A Montgomery County teenager and a 21-year-old Miami County man are among 32 confirmed cases of vaping related lung illnesses in Ohio.
Besides the 32 Ohio cases confirmed in Ohio as of Oct. 15, Ohio Department of Health said there are also 35 suspected but unconfirmed cases for the same time frame.
No deaths have been reported in Ohio, but 29 of the cases required hospitalization.
PREVIOUS COVERAGE: Ohio investigating 6 cases of vapers with pulmonary disease
Ohio Department of Health and the CDC are continuing to investigate the increasing number of people with severe pulmonary illness following vaping, which now adds up to about 1,300 cases nationwide and 26 confirmed deaths in 21 states.
Symptoms include coughing, shortness of breath, chest pain, nausea, vomiting and diarrhea, according to the CDC.
Most patients report a history of using THC-containing products. The latest national and state findings suggest products containing THC, particularly those obtained off the street or from other informal sources, are linked to most of the cases and play a major role in the outbreak.
However, the possibility that nicotine-containing products play a role in this outbreak cannot be excluded, because some patients reported only vaping nicotine and many patients used both THC- and nicotine-containing products.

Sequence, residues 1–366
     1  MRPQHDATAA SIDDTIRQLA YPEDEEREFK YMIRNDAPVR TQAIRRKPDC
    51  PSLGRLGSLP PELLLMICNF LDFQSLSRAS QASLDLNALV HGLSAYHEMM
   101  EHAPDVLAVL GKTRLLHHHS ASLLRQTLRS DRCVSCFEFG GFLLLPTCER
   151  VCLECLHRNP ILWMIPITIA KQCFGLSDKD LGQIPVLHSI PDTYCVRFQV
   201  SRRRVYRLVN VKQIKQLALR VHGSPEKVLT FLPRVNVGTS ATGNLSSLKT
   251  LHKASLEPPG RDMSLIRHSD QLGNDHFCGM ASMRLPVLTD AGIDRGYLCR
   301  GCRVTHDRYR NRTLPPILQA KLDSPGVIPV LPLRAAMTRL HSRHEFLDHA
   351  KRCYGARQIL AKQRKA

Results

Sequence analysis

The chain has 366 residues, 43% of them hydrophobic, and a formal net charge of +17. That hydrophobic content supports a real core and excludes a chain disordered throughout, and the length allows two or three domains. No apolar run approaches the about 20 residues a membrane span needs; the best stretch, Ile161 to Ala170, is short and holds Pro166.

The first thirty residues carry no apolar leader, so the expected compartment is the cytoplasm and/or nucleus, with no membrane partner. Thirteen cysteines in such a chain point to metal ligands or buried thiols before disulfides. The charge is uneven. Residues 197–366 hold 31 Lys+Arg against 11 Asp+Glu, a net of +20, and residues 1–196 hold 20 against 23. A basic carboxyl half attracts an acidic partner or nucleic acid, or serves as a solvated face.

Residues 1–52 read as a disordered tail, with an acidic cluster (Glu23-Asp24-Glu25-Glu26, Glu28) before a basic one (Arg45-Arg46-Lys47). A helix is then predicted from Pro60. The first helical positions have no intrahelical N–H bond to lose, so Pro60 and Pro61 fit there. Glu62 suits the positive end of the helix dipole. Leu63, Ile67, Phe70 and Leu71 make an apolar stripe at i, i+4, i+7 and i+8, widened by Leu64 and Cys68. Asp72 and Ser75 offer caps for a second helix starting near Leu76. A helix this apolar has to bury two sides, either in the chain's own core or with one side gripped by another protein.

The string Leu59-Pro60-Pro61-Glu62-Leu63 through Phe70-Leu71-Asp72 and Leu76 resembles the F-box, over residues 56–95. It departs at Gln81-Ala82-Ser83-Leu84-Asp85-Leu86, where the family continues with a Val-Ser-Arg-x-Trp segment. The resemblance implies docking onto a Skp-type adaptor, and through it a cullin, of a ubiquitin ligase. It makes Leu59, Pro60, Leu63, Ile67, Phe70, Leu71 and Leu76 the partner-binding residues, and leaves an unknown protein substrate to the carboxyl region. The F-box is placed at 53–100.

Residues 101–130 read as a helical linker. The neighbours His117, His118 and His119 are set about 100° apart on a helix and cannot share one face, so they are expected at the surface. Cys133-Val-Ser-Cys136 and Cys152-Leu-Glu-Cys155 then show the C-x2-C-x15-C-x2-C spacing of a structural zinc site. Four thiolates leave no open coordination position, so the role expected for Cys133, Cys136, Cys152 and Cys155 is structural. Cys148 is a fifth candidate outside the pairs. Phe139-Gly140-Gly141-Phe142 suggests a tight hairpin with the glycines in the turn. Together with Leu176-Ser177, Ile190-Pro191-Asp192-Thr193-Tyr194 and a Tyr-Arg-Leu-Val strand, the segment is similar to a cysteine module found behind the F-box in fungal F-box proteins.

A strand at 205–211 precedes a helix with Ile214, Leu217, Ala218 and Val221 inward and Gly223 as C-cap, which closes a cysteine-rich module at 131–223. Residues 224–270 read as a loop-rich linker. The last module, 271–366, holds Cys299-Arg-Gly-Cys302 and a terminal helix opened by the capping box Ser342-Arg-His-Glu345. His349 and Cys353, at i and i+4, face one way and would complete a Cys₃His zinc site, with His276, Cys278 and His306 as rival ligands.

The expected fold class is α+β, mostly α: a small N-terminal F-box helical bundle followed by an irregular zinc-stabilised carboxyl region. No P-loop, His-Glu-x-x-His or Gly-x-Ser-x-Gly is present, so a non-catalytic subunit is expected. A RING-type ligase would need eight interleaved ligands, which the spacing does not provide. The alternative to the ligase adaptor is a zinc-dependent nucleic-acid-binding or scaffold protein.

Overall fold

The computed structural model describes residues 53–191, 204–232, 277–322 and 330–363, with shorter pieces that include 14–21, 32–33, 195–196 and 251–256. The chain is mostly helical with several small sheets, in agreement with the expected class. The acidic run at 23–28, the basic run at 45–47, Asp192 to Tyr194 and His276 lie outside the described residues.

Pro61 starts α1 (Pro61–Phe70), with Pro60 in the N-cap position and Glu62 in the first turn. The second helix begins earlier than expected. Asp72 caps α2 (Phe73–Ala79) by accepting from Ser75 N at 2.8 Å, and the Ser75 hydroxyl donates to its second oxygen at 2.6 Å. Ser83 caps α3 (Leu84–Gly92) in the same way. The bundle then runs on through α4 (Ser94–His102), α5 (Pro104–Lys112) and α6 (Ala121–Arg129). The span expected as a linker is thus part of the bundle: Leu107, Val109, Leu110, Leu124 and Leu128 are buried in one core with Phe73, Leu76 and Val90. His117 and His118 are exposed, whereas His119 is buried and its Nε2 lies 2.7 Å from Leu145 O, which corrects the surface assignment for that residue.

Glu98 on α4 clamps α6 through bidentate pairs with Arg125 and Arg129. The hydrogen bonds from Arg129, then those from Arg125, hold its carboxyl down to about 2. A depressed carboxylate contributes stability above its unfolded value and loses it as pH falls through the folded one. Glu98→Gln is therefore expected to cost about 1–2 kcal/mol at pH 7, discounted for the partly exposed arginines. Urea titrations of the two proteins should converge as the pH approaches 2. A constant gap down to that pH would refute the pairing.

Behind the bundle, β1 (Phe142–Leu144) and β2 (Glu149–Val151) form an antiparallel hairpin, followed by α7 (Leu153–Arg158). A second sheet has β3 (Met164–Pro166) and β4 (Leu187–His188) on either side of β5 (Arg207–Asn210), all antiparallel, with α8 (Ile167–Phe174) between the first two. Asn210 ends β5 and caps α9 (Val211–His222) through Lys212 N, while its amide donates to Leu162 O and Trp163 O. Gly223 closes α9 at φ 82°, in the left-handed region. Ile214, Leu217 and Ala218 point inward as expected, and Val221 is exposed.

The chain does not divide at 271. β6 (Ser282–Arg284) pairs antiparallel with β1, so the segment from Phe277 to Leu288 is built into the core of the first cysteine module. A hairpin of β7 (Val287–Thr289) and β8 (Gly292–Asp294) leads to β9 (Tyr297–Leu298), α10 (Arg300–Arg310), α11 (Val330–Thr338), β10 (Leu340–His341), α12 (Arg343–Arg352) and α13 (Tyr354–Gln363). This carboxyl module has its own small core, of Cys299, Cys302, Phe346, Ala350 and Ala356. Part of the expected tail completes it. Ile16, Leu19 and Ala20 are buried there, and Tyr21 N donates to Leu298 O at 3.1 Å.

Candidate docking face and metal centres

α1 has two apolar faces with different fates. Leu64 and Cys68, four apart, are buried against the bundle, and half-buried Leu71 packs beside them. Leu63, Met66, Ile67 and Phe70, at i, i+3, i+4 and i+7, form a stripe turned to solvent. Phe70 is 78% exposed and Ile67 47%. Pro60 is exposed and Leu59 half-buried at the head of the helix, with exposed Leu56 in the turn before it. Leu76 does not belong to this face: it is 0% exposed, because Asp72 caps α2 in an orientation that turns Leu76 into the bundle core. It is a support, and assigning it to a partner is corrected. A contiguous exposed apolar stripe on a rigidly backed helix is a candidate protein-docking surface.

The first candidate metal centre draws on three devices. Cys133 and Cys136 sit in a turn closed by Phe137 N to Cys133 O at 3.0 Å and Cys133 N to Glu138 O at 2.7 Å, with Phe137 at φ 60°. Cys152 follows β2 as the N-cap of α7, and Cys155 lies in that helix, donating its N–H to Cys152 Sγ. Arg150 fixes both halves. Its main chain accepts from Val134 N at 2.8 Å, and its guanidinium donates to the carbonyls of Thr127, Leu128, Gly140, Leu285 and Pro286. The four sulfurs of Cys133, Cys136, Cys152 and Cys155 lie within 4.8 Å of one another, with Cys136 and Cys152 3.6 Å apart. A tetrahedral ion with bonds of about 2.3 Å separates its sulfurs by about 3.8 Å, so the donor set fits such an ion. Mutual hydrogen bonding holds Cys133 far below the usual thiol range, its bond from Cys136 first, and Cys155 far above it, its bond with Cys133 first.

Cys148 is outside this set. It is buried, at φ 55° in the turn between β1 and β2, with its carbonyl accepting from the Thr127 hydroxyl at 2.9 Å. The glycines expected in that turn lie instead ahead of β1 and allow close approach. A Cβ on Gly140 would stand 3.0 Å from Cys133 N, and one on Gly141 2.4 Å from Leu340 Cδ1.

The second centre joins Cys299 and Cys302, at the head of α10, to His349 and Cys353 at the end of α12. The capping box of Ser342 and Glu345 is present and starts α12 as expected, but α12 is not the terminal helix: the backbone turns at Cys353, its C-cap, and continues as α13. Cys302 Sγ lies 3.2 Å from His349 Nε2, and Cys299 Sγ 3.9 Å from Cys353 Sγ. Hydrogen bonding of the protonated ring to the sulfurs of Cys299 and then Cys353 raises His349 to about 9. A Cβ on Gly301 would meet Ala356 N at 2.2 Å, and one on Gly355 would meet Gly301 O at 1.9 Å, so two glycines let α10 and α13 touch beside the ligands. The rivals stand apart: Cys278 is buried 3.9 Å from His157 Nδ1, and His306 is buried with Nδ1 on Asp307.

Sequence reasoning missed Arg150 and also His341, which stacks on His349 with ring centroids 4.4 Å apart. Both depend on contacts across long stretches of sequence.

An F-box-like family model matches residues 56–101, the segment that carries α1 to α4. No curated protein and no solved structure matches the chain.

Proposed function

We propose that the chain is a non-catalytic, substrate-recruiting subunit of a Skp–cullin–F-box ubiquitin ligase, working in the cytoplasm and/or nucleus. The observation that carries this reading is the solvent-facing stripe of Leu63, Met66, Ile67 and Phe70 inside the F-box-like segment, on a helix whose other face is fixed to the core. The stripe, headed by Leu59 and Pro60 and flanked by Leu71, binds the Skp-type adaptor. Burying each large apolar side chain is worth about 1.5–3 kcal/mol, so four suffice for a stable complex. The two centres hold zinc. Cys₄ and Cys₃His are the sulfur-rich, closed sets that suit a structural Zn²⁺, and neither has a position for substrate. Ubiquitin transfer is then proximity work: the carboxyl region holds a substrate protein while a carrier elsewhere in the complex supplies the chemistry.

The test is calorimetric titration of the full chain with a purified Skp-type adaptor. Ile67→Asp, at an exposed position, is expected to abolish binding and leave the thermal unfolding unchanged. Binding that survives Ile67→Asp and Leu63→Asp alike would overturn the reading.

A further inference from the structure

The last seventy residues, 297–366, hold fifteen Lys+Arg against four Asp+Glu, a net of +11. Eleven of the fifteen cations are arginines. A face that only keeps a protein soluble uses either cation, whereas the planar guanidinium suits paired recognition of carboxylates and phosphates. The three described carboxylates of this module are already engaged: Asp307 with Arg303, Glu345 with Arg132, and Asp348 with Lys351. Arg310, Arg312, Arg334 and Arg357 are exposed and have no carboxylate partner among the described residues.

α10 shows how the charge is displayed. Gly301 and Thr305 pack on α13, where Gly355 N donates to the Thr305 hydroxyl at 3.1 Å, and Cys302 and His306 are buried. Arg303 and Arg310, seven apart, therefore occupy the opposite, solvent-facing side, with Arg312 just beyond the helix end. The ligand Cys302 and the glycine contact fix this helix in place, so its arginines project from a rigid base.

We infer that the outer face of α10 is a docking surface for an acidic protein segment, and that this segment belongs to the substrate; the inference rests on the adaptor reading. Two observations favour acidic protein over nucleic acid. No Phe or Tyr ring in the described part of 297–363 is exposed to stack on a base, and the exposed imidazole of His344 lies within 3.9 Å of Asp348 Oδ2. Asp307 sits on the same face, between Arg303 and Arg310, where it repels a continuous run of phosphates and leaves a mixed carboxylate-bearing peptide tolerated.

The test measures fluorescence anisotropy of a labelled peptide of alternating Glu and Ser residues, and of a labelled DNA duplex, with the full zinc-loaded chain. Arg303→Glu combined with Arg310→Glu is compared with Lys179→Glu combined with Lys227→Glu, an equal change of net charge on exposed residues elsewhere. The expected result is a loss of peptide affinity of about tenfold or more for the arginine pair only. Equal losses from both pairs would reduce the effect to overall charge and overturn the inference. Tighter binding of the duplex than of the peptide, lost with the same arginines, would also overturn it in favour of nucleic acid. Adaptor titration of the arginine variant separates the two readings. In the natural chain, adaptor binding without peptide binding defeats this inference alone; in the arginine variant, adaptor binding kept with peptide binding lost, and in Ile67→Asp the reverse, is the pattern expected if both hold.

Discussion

Dennis Propes, Miami County health commissioner, said his department was notified late last week by the state of a 21-year-old man with a vaping related illness. He said the man — who public health officials are not identifying — was hospitalized for “a number of days.”
“It created a lot of issues with him and it could be a lot of long lasting health issues for this person,” Propes said.
The vaping-related illnesses come amid a rapid rise in young people vaping. About 10.4 percent of U.S. eighth graders, 21.7 percent of 10 graders, and 26.7 percent of 12th graders reported vaping in the past month in a 2018 National Institute on Drug Use survey.
Propes said public health officials are meeting with schools next week to gauge their needs and see what the department can do to help them.
“You’re introducing these harmful substances into your body and there’s not a lot of research and not a lot of knowledge as to what are the effects of doing this.” Propes said.
There was a also a 17-year-old with a vaping related illness in September, said Dan Suffoletto, spokesman for Public Health - Dayton & Montgomery County.
The DeWine administration has taken several steps to curb teen smoking and vaping, including a new law that goes into effect today that raises the minimum age to purchase tobacco and e-cigarettes to 21.
Dr. Amy Acton, Ohio Department of Health director, said that research shows that if a person makes it to 21 without beginning to smoke, they most likely never will, with 95 percent of adult smokers starting before then turn 21.
“That age, 18 to 21, is really crucial,” Acton said. “In the case of vaping we know it’s become even more crucial because we know that these products are often being obtained through social networks and through your friends, so an 18-year-old might be on your soccer team and and be able to purchase but a 21 year old is usually of in a different crowd.”
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